Now the beer brand is back with its new “Easy to Summer” campaign that aims to reconnect with consumers through a more lighthearted approach, with scenes of people trying to cool off from the summer heat.
The ad, by the brand’s relatively new agency Anomaly, is the latest addition to its Easy to Drink, Easy to Enjoy platform, which debuted during the Super Bowl. “Easy to Summer” shows people who, despite minor pitfalls of summer like sunburn, broken flip-flops, hot pavement on bare feet, or navigating a paddle board for the first time, display how an ice cold Bud Light can bring together family and friends. Mark Penn, CEO of Anomaly-owned Stagwell Group, told Adweek the new campaign is “a stream of work that I think is going to be very effective.”
Set to the iconic disco track “Good Times” by Chic, the campaign is there to remind fans to kick back and enjoy with friends and family in the backyard throughout the summer, according to the brand.
Earlier this year, Bud Light announced partnerships with musical artists including Kane Brown, Midland and Megan Moroney. In a few weeks, the brand will offer fans the chance to attend the national Bud Light Backyard Tour, which will include Tyler Braden, Seaforth and others at intimate sets for fans to hang with their favorite artists.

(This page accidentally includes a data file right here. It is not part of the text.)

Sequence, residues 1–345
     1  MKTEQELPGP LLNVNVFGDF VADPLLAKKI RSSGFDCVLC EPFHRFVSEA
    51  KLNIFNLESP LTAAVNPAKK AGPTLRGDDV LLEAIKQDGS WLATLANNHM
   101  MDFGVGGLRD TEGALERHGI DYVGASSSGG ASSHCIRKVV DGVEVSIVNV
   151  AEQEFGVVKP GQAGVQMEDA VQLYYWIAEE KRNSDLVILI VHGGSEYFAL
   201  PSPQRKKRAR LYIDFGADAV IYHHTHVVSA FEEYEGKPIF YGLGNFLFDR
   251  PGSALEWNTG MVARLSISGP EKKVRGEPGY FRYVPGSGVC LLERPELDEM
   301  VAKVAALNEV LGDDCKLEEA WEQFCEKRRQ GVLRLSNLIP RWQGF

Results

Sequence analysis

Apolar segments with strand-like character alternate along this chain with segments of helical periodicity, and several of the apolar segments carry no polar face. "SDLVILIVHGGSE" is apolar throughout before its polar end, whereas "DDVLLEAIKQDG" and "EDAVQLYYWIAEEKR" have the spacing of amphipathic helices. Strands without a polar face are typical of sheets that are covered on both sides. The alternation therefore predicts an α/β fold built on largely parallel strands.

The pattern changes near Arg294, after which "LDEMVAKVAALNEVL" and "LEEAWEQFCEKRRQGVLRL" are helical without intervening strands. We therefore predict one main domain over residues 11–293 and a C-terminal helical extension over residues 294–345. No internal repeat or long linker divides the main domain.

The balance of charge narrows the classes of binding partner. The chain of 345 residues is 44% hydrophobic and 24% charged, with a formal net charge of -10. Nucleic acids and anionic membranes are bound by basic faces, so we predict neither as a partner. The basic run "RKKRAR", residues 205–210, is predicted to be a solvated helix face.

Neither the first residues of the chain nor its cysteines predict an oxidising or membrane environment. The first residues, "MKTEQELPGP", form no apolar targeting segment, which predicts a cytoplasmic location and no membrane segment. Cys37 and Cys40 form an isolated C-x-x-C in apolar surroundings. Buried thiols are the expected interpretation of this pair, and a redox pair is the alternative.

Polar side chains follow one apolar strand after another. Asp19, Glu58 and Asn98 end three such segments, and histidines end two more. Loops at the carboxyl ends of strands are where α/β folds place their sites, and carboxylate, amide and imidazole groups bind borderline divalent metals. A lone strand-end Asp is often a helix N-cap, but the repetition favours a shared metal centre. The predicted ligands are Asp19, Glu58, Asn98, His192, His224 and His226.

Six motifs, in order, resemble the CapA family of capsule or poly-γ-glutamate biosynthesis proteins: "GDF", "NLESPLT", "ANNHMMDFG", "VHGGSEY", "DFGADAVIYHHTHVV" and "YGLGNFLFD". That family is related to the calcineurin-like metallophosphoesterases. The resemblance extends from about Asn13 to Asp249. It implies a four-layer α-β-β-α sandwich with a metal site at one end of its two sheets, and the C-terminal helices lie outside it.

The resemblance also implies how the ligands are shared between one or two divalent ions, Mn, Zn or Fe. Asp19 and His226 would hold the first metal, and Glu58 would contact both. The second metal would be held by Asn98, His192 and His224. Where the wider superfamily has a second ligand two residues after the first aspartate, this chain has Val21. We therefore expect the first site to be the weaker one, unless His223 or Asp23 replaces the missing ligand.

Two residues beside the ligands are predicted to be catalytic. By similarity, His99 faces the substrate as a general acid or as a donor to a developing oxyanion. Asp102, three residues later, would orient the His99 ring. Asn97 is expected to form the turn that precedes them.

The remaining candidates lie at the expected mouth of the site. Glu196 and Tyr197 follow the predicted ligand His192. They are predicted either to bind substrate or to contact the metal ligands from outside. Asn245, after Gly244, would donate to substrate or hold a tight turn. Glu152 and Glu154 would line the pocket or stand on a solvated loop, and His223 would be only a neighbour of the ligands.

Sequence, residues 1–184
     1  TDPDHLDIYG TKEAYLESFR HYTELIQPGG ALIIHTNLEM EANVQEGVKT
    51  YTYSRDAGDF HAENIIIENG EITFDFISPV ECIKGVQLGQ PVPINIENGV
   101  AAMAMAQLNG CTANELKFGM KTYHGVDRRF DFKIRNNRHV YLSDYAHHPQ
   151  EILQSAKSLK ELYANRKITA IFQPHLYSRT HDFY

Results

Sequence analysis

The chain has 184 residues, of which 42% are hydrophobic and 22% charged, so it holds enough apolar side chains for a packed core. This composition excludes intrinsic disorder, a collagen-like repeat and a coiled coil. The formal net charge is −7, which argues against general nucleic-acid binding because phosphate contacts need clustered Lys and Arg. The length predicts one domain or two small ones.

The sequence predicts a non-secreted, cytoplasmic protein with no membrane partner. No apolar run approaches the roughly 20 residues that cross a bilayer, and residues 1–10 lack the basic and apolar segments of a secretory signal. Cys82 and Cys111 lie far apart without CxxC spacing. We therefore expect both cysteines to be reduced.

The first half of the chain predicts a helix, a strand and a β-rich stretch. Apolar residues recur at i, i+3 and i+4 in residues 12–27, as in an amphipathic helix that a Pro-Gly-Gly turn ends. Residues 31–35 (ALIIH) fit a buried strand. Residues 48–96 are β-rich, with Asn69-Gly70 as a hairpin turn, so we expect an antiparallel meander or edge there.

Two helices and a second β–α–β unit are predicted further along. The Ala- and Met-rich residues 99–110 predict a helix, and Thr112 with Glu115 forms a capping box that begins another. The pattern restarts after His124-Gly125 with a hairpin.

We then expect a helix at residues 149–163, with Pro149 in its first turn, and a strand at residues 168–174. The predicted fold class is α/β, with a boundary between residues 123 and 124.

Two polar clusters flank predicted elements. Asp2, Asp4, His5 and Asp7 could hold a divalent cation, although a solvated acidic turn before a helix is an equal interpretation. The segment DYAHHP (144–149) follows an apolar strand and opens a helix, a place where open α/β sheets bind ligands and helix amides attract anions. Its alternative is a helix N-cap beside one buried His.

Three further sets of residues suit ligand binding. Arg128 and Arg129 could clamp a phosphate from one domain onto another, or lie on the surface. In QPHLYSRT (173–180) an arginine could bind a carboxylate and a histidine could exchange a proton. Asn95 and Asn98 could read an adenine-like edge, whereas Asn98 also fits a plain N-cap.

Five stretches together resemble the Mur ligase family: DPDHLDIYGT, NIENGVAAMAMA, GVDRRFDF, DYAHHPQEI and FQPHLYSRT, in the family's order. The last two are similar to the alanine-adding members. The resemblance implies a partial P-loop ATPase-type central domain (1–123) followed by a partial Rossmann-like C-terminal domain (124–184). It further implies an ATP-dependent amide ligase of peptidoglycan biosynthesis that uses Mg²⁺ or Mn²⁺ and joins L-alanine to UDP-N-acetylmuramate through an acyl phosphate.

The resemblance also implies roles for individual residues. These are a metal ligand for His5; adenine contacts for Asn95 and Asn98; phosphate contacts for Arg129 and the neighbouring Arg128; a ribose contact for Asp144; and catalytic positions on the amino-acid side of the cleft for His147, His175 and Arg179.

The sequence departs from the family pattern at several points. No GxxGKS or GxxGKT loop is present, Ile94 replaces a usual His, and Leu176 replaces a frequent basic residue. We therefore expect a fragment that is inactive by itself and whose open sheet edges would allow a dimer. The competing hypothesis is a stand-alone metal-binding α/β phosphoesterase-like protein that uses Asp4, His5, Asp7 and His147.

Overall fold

“Bud Light established our Easy to Drink, Easy to Enjoy platform at the Super Bowl, and we are continuing to build on that message as we unveil our new ‘Easy to Summer’ commercial to officially kick off summer,” Todd Allen, vice president of marketing for Bud Light, said in a statement. “We can’t wait to get out on the road and give fans the experience to enjoy their favorite artists through the first-ever Bud Light Backyard Tour.”
“Easy to Summer” kicks off with the brand’s largest media spend to date. Other elements of the campaign include giving away $10,000 weekly, covering the beer tab up to $100 for consumers when they scan a code and offering rebates over July 4 weekend.
No escaping controversy
While the campaign looks to return Bud Light to its place in pop culture as the easygoing beer of summer, there’s no denying the brand has taken a hit lately.
Bud Light’s response to the backlash around its partnership with Mulvaney included putting two marketing executives on leave and issuing a statement that did not mention Mulvaney or voice support for LGBTQ+ people, which alienated another group of consumers besides those who were originally upset about her inclusion.